By David N. Leff

Tracking down and dealing with Osama bin Laden is proving to be a tricky and fraught undertaking. A different kind of search, but one that also involves Muslim populations, is the hunt for genes hidden in the blood of four families ¿ two from Tunisia, two from Saudi Arabia.

These genetic targets do their mayhem and mortality on a smaller scale than terrorists. They perpetrate ALS ¿ amyotrophic lateral sclerosis ¿ better known as Lou Gehrig¿s disease. A celebrated survivor is British theoretical physicist Stephen Hawking, who contracted ALS in his mid-20s some 40 years ago, and amazingly overcomes its disabilities.

¿ALS is a terminal, progressive neuromuscular malady,¿ observed clinical neurobiologist Teepu Siddique, at Northwestern University in Chicago. ¿It renders the muscles of the body useless, while leaving the mind unimpaired. There is currently no effective treatment for ALS. It¿s a neurodegenerative disease of the brain¿s motor system. That is,¿ he continued, ¿the upper motor neuron, which goes from the brain¿s cerebral cortex down to the brain stem and then on down to the spinal cord, is affected. The patient ends up with spastic paralysis ¿ movement difficulty.¿

But this grim picture has a milder side. ALS, itself a rare disease, has an even rarer, less severe look-alike affliction called PLS ¿ primary lateral sclerosis. It trashes only the motor neurons in the cerebral cortex.

¿But in ALS,¿ Siddique pointed out, ¿the final common pathway that starts from the lower motor neuron, which is the large motor neuron in the brain stem and the spinal cord, degenerates, with muscle atrophy and severe weakness. So ALS is a much more severe disease. And that is the difference between ALS and PLS.¿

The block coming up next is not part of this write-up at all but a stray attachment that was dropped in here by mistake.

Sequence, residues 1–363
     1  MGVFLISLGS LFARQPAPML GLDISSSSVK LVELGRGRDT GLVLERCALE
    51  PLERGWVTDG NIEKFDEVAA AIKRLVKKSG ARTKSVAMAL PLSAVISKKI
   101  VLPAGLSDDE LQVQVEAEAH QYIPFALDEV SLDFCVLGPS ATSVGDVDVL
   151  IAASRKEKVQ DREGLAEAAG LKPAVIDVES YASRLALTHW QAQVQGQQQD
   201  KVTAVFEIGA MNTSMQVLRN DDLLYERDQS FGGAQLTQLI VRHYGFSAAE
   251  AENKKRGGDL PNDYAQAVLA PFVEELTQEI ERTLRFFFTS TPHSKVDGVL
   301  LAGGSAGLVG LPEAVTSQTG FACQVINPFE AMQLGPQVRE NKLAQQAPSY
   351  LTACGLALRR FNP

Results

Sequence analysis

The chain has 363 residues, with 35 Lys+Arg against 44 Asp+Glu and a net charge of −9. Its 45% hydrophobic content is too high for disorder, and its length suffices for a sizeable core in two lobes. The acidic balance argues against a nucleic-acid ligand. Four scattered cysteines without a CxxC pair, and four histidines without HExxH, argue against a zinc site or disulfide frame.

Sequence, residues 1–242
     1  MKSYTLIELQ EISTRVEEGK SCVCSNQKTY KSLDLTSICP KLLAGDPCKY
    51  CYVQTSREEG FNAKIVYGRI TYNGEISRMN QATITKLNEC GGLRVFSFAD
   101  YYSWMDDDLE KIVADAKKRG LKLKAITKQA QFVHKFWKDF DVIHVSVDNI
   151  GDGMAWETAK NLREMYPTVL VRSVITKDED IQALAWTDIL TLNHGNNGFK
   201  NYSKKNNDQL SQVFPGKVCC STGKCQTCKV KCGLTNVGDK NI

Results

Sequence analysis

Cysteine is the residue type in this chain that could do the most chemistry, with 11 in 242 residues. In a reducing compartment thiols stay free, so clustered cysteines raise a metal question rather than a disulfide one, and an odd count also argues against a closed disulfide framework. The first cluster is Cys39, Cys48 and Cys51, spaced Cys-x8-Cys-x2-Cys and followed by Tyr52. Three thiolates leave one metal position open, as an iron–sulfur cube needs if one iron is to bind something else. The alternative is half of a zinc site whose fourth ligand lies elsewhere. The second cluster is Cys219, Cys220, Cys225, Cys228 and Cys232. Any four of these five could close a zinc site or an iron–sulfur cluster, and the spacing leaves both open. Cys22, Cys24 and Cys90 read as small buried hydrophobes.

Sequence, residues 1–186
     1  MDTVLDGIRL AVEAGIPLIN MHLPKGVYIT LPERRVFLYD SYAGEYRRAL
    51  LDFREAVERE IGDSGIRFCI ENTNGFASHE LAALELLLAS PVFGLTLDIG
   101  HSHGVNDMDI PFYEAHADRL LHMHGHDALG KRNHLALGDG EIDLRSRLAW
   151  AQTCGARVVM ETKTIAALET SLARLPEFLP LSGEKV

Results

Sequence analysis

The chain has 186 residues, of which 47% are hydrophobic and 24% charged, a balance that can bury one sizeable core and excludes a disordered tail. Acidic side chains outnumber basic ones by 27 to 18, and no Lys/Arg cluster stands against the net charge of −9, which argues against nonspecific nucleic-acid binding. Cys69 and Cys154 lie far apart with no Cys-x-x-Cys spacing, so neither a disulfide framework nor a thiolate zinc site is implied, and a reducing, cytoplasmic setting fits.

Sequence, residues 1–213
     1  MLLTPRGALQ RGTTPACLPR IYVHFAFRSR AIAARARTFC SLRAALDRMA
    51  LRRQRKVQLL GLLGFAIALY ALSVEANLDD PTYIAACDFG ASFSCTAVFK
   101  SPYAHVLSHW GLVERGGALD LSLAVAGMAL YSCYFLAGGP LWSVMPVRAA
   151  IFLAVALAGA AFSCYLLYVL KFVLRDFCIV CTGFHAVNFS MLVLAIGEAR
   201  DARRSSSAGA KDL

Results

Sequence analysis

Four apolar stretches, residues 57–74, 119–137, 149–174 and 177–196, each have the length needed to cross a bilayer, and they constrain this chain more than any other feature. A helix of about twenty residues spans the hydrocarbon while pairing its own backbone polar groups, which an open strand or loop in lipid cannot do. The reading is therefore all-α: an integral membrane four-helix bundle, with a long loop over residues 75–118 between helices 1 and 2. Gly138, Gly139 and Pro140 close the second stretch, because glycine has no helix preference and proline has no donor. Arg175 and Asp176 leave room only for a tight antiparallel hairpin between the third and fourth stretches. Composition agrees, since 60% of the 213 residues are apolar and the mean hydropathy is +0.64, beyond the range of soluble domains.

Siddique, who holds an endowed chair of neurology and cell biology at Northwestern, is senior author of a paper in the October issue of Nature Genetics, released today, Oct. 3, 2001. Its title: ¿The gene encoding alsin, a protein with three guanine-nucleotide exchange factor domains, is mutated in a form of recessive amyotrophic lateral sclerosis.¿ Among its international consortium of 17 co-authors are two from hospitals in Saudi Arabia and one from Tunisia.

True Amyotrophic Lateral Sclerosis Cause?

¿The significance of this article,¿ Siddique told BioWorld Today, ¿is that there¿s only one other known cause of ALS, which is what we had described in ¿93 as mutations in the gene for SOD ¿ superoxide dismutase. This is the second known cause. There are a lot of theories and hypotheses to date, but none of them really adds up to a cause.

¿What we report,¿ he continued, ¿is a kind of ALS that is slow. Stephen Hawking has a slowly progressing variety of ALS. And we address that variety, in which symptoms start at age 4 and usually progress into the 20s. The third point we present is primary lateral sclerosis. People have debated the nature of PLS, asking whether it¿s a separate disease, or a form of ALS. We show in this paper that both kinds of clinical condition can be caused by different mutations, but mutations in the same gene.